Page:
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In mod_wsgi I send the headers by running the function start_response(), but all the page content is passed by yield/return. Is there a way to pass the page content in a similar fashion as start_response()? Using the return.yield statement is very restrictive when it comes to working with chunked data.

E.g.

def Application():

    b = buffer()

    [... page code ...]

    while True:
        out = b.flush()    
        if out:
            yield out

class buffer:

    def __init__(self):        
        b = ['']
        l = 0

    def add(self, s):
        s = str(s)
        l += len(s)
        b.append(s)

    def flush(self):

        if self.l > 1000:
            out = ''.join(b)
            self.__init__()
            return out

I want to have the buffer outputting the content as the page loads, but only outputs the content once enough of it has piled up (in this eg. 1000 bytes).

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3 Answers 3

up vote 2 down vote accepted

No; But I don't think it is restrictive. Maybe you want to paste an example code where you describe your restriction and we can help.

To work with chunk data you just yield the chunks:

def application(environ, start_response):
    start_response('200 OK', [('Content-type', 'text/plain')]
    yield 'Chunk 1\n'    
    yield 'Chunk 2\n'    
    yield 'Chunk 3\n'
    for chunk in chunk_data_generator():
        yield chunk

def chunk_data_generator()
    yield 'Chunk 4\n'
    yield 'Chunk 5\n'


EDIT: Based in the comments you gave, an example of piling data up to a certain length before sending forward:

BUFFER_SIZE = 10 # 10 bytes for testing. Use something bigger
def application(environ, start_response):
    start_response('200 OK', [('Content-type', 'text/plain')]
    buffer = []
    size = 0
    for chunk in chunk_generator():
        buffer.append(chunk)
        size += len(chunk)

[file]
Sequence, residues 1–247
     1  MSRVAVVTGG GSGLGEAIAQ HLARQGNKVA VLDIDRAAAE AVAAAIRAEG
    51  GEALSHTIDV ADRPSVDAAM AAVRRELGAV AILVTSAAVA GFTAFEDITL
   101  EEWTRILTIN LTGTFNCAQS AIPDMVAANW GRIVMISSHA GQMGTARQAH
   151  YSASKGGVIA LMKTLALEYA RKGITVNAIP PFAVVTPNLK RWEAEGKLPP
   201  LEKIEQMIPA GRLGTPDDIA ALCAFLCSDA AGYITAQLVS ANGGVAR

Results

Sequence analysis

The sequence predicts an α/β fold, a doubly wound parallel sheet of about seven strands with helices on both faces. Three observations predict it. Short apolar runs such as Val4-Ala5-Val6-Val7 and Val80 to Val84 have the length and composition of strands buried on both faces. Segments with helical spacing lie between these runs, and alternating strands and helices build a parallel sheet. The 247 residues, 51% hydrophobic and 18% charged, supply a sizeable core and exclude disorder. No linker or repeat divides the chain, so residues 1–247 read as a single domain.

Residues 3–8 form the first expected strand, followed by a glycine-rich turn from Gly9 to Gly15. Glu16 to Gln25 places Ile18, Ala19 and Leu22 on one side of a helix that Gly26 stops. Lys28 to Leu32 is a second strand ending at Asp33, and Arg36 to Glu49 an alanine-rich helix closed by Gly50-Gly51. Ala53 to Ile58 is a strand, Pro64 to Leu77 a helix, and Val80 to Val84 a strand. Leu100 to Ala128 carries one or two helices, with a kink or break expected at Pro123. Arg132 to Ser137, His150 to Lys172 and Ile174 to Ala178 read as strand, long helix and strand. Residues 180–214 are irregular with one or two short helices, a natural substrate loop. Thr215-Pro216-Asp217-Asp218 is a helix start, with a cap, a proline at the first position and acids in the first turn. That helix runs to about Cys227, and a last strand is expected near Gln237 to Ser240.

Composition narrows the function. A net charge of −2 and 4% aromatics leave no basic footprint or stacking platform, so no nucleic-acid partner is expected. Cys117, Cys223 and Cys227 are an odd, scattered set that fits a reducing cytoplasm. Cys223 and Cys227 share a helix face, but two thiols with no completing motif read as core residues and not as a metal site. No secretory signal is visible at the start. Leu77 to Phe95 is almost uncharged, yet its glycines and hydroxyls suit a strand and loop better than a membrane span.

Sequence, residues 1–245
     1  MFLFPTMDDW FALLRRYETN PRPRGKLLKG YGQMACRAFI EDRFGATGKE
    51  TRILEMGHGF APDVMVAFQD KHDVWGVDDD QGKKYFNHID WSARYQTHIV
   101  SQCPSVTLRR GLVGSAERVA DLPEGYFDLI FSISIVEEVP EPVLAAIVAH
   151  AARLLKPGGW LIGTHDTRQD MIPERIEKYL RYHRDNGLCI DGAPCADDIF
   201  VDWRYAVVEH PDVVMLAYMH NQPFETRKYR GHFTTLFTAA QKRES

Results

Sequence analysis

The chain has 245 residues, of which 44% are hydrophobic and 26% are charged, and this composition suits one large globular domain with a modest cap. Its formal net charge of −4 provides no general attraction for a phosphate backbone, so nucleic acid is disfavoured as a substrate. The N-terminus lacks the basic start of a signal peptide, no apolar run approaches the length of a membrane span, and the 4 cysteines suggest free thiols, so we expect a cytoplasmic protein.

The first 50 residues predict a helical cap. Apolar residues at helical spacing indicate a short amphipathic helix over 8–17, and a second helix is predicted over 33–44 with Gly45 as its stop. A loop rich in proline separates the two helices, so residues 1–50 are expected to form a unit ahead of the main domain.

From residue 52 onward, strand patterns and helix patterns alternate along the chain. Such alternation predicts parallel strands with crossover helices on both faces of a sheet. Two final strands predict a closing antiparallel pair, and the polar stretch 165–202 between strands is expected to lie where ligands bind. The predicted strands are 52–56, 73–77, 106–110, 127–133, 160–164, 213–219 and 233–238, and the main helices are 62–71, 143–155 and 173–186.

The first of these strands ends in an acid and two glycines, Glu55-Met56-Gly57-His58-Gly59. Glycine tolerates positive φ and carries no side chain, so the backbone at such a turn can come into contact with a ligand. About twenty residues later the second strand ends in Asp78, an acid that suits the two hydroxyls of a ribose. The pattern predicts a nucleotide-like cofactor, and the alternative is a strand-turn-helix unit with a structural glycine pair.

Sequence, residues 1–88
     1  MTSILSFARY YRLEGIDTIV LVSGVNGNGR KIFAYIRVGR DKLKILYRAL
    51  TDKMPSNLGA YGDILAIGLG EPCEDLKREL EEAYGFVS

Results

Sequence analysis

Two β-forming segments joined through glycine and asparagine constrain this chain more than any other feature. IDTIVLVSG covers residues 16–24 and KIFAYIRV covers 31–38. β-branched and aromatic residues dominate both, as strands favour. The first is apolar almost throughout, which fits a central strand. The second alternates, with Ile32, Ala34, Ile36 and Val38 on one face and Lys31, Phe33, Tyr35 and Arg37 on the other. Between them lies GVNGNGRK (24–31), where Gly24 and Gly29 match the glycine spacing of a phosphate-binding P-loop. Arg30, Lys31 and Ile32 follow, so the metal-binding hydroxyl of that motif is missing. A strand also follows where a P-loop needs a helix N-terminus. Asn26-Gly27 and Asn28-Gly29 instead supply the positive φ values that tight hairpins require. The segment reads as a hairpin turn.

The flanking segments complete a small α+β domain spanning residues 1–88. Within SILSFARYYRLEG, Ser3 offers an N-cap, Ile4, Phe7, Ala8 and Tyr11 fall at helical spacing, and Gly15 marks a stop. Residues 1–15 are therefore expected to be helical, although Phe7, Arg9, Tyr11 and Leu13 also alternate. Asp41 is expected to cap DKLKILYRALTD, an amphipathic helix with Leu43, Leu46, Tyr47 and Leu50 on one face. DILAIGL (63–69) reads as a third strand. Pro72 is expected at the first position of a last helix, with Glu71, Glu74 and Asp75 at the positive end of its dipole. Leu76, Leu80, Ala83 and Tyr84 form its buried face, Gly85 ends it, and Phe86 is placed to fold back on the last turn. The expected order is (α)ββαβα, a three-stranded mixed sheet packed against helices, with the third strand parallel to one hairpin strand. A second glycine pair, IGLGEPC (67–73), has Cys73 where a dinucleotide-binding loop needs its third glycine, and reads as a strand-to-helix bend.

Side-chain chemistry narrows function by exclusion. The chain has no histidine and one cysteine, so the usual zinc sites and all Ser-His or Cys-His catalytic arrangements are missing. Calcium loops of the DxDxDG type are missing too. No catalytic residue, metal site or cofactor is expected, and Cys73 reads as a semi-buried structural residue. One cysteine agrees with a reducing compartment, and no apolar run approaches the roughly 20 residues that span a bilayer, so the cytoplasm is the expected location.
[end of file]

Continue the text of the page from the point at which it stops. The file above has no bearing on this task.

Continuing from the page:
if size > BUFFER_SIZE:
            for buf in buffer:
                yield buf
            buffer = []
            size = 0

def chunk_data_generator()
    yield 'Chunk 1\n'    
    yield 'Chunk 2\n'    
    yield 'Chunk 3\n'
    yield 'Chunk 4\n'
    yield 'Chunk 5\n'
share|improve this answer
    
Well, it's restrictive because all the yielding takes place in the application() and can't be embedded anywhere else. start_response() can be placed anywhere in the application. If i wanted to run an output buffer that piles up data to a certain length before outputting to wsgi, this becomes very hard without getting threads involved. –  Ian Jun 2 '09 at 17:35
    
I just gave you an example where you can put yielding somewhere else. No threads involved. You are still not clear on what exactly is the limitation. Place some example pseudo code on how you'd like to work in your question so we can either make it work or say why it can't. –  nosklo Jun 2 '09 at 17:54
    
I added an example, but the problem with my example, is the buffer only starts yielding results after the page code has completed execution, which in the end, is the same as if i had simply done a regular (non-chunked) response. –  Ian Jun 2 '09 at 18:11
1  
After seeing your example, this helps a bit.. I think one of my current problems is actually that I'm using sys.stdout to populate the buffer, whereas I should simply be iterating/yielding to the buffer instead.. –  Ian Jun 2 '09 at 18:13
1  
Portable WSGI applications should not use print or sys.stdout –  Miles Jun 2 '09 at 19:06

It is possible for your application to "push" data to the WSGI server:

Some existing application framework APIs support unbuffered output in a different manner than WSGI. Specifically, they provide a "write" function or method of some kind to write an unbuffered block of data, or else they provide a buffered "write" function and a "flush" mechanism to flush the buffer.

Unfortunately, such APIs cannot be implemented in terms of WSGI's "iterable" application return value, unless threads or other special mechanisms are used.

Therefore, to allow these frameworks to continue using an imperative API, WSGI includes a special write() callable, returned by the start_response callable.

New WSGI applications and frameworks should not use the write() callable if it is possible to avoid doing so.

http://www.python.org/dev/peps/pep-0333/#the-write-callable

But it isn't recommended.

Generally speaking, applications will achieve the best throughput by buffering their (modestly-sized) output and sending it all at once. This is a common approach in existing frameworks such as Zope: the output is buffered in a StringIO or similar object, then transmitted all at once, along with the response headers.

The corresponding approach in WSGI is for the application to simply return a single-element iterable (such as a list) containing the response body as a single string. This is the recommended approach for the vast majority of application functions, that render HTML pages whose text easily fits in memory.

http://www.python.org/dev/peps/pep-0333/#buffering-and-streaming

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If you don't want to change your WSGI application itself to partially buffer response data before sending it, then implement a WSGI middleware that wraps your WSGI application and which performs that task.

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